The seeds (which are what we generally think of as the “cocoa bean”) are cleaned, but the white pulp is left in place to help develop flavor. They are then fermented, either by being piled in a heap or stored in boxes. Either way, they are left to ferment for between two and nine days. Once fermented they are dried (requiring one to two weeks), graded, and packed for shipment. The processor cleans the beans (again), then roasts and shells the beans to remove the “nibs” – the meat of the bean. These nibs are finely ground into “cocoa mass” (aka “cocoa liquor), a fine powder. At this point, there are two things you can do:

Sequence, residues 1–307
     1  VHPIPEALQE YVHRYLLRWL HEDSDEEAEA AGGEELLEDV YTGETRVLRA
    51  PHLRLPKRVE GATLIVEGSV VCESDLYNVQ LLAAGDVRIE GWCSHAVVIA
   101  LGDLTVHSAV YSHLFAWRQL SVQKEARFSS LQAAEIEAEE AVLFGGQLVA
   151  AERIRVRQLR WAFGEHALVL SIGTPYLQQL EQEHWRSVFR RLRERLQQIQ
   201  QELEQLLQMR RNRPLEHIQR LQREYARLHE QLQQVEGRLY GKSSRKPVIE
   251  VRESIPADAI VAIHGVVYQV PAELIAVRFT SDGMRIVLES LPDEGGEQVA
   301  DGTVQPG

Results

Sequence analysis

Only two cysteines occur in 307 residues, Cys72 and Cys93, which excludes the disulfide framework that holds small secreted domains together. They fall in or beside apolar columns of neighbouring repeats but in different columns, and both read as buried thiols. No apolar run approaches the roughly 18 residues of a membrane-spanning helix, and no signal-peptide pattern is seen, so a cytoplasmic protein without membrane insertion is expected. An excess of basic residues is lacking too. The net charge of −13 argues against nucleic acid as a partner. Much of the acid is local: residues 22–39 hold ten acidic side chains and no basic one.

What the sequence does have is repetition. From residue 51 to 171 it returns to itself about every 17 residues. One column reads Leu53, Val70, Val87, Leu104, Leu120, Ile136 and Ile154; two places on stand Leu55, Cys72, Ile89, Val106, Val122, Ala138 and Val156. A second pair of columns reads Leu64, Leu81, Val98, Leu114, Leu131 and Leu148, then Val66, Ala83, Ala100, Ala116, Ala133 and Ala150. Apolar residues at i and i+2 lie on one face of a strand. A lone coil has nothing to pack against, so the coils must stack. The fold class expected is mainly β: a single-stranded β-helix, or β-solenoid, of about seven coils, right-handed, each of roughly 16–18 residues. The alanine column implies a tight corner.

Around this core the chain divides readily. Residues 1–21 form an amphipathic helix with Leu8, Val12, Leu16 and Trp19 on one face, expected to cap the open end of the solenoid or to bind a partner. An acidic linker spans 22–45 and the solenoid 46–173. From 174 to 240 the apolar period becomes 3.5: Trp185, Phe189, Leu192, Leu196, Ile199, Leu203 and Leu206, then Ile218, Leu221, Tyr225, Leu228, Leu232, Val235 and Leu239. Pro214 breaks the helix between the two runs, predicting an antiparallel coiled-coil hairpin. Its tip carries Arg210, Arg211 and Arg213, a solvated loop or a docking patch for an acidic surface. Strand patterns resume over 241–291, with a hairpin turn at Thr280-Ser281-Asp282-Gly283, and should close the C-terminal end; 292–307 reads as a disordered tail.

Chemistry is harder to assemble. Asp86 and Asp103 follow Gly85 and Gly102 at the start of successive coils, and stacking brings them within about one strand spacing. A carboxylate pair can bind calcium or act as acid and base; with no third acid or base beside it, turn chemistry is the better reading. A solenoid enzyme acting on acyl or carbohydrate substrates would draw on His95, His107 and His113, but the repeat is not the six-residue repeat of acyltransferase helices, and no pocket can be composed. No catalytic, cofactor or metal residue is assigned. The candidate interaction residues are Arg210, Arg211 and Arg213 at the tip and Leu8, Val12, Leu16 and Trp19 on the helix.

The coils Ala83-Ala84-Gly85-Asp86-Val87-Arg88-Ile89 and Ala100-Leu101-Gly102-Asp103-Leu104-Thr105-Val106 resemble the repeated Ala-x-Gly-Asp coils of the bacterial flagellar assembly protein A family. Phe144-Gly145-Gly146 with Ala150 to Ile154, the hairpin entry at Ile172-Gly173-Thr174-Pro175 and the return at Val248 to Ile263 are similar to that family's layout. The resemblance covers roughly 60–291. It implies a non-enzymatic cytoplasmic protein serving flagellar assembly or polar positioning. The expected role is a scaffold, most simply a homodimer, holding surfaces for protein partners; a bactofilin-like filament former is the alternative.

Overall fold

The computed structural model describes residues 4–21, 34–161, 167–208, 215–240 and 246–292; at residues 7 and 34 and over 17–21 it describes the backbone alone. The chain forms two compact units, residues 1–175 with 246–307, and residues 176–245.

1. Press the cocoa liquor. This creates cocoa powder, and cocoa butter.
2. Make chocolate.

To make dark chocolate, you combining the cocoa mass (or the appropriate volumes of cocoa powder and cocoa butter) with more cocoa butter and sweetner (usually sugar). Milk powder is added to the mix to make – wait for it – milk chocolate. Either way, the mix goes through a process of “conching”, which is when you heat and mix and heat and mix the mixture until the chocolate takes on the desired texture and flavor. Why’s it called “conching”? Because you use a machine called a “conche” to do it.


Finally, the chocolate is poured into appropriate moulds and tempred – that is, brought to a specific temperature to help it solidify evenly.
What’s White Chocolate?

Related to chocolate is white chocolate. This is made by mixing cocoa butter with milk and sugar and other flavoring ingredients as desired. The FDA specifies that it must